(2017) (Morgan Freeman, Tommy Lee Jones) (PG-13)
- QUICK TAKE:
- Comedy: The general manager of a retirement community must contend with a new resident who challenges him as the alpha male among all of the men and women there.
- Having once lived across the country where he served as general counsel for a powerful mob family, Duke Diver (MORGAN FREEMAN) turned state's evidence, was entered into the witness protection program, and was relocated to the retirement community of Villa Capri in Palm Springs where he serves as the general manager. He's made everyone there happy, including his three close friends -- Joey (JOE PANTOLIANO), Larry (GEORGE WALLACE), and Burt (GRAHAM BECKEL) -- and is known as something of a ladies man, a status that is not gone unrecognized by a close circle of women -- Margarite (GLENNE HEADLY), Roberta (SHERYL LEE RALPH), and Lily (ELIZABETH ASHLEY).
But his status as the alpha male of the community is challenged upon the arrival of Leo McKay (TOMMY LEE JONES), an ex-military cowboy and Renaissance man who not only draws the interest of those three female friends, but easily bests Duke in whatever challenge he presents, be that gambling, golf, or what have you. His interest, however, is drawn to Suzie Quince (RENE RUSSO), a woman he and Duke believe is a new resident. Unbeknownst to them, she is a general manager for the company that runs the retirement community and has been sent there to see if any financial wrongdoing is at hand.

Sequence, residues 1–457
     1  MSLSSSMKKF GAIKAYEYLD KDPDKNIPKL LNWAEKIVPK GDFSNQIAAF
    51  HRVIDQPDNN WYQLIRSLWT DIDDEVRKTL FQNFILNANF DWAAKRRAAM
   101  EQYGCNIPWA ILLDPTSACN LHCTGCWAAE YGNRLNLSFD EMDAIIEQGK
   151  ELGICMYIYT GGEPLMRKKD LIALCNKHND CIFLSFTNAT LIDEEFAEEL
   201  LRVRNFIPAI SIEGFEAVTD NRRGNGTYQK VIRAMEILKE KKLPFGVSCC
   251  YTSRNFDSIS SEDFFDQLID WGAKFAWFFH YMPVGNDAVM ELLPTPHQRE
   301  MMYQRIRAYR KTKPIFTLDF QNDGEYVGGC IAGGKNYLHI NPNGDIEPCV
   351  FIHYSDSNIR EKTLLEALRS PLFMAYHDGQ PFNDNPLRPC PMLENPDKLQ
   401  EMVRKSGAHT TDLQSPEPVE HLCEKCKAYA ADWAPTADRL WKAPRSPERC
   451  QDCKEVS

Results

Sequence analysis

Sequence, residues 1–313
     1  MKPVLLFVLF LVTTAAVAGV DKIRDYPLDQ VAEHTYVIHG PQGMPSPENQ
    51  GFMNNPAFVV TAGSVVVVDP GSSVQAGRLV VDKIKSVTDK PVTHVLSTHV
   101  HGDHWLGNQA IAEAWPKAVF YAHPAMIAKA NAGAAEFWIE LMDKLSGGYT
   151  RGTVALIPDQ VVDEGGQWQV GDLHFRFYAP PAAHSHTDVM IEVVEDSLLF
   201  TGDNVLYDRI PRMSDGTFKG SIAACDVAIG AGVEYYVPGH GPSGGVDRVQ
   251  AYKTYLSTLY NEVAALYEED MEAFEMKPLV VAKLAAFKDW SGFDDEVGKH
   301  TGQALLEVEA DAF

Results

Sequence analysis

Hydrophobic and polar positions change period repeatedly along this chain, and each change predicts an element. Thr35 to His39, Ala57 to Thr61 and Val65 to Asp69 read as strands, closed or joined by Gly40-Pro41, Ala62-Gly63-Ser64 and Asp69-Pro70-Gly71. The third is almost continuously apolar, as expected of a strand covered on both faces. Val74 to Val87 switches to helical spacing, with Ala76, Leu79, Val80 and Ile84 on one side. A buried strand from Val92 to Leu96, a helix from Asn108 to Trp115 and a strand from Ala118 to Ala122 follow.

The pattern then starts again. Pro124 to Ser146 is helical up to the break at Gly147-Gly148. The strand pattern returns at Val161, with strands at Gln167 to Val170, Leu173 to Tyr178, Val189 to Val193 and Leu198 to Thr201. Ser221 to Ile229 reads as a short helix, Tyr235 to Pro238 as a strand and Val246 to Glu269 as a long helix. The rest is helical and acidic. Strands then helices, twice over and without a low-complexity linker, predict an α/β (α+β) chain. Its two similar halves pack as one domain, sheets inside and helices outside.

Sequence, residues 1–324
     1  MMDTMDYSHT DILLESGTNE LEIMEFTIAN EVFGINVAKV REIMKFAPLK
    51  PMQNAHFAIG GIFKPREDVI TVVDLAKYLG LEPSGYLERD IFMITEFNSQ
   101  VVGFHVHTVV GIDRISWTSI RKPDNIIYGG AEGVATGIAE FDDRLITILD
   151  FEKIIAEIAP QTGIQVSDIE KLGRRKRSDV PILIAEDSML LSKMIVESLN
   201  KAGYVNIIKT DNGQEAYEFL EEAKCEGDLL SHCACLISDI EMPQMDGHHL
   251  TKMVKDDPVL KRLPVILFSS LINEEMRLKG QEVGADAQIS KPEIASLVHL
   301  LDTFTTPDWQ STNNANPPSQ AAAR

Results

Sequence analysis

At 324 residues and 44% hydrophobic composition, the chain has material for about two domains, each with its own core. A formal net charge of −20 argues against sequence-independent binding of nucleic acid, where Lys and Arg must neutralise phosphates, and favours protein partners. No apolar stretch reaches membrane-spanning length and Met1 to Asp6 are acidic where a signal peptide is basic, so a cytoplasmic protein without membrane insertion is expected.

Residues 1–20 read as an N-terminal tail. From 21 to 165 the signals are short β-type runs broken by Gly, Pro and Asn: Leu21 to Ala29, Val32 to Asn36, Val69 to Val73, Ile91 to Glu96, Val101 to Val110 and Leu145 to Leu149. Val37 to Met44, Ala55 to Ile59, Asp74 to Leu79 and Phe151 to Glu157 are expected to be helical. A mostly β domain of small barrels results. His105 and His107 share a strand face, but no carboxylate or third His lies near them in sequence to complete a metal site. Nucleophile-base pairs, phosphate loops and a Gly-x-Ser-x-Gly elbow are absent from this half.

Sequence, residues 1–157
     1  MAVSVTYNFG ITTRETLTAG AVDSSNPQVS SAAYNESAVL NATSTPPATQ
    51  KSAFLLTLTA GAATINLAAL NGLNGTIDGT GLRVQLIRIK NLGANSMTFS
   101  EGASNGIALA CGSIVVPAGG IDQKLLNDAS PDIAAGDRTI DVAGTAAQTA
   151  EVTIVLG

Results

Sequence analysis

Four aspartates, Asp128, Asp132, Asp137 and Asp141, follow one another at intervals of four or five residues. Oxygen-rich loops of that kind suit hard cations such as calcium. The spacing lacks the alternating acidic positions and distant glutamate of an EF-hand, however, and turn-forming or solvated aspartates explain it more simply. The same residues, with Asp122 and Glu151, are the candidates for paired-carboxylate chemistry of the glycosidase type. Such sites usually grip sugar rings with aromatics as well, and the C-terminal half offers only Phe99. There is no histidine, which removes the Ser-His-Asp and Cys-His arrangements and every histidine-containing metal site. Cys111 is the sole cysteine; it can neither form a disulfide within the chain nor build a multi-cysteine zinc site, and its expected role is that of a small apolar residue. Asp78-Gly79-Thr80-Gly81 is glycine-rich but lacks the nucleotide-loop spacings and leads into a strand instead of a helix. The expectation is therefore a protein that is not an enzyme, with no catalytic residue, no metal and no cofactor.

And unbeknownst to all of them, mob boss wife Delilah Bruno (JANE SEYMOUR) spots Duke in a TV commercial for the retirement community and -- upset that his cooperation with the feds sent her husband to prison -- orders her adult son, Oscar (MEL RAIDO), to enact some revenge and kill the former mob lawyer for her. With Duke believing those botched suspicious incidents are the result of Leo trying to supplant him in the eyes of those in the community, the two men try to prove who is the better man between them.
- OUR TAKE: 0 out of 10
- Our reviewing policy for films that aren't shown in advance to critics is that we'll only provide a paragraph or two about the film's artistic merits or, more accurately, lack thereof. After all, life is too short to spend any more effort than that on a movie that even the releasing studio knows isn't any good (which is why they hid it from reviewers before its release).
A fellow reviewer jokingly stated that he didn't have time to see this film and thus instead simply took out a $20 bill and set fire to it. Trust me, that would be more interesting, funny and full of creative sparks than this complete and utter misfire.
Nothing is funny, everything feels forced, and writer/director Ron Shelton (who previously did the two macho men after the same woman storyline with "Bull Durham") simply wastes the talents of Morgan Freeman, Tommy Lee Jones, Renee Russo and everyone else. Get out your twenty and a lighter because you don't want to get me started on "Just Getting Started." One of the worst of the year (if not the worst), it rates as a 0 out of 10.
Reviewed December 8, 2017 / Posted December 8, 2017
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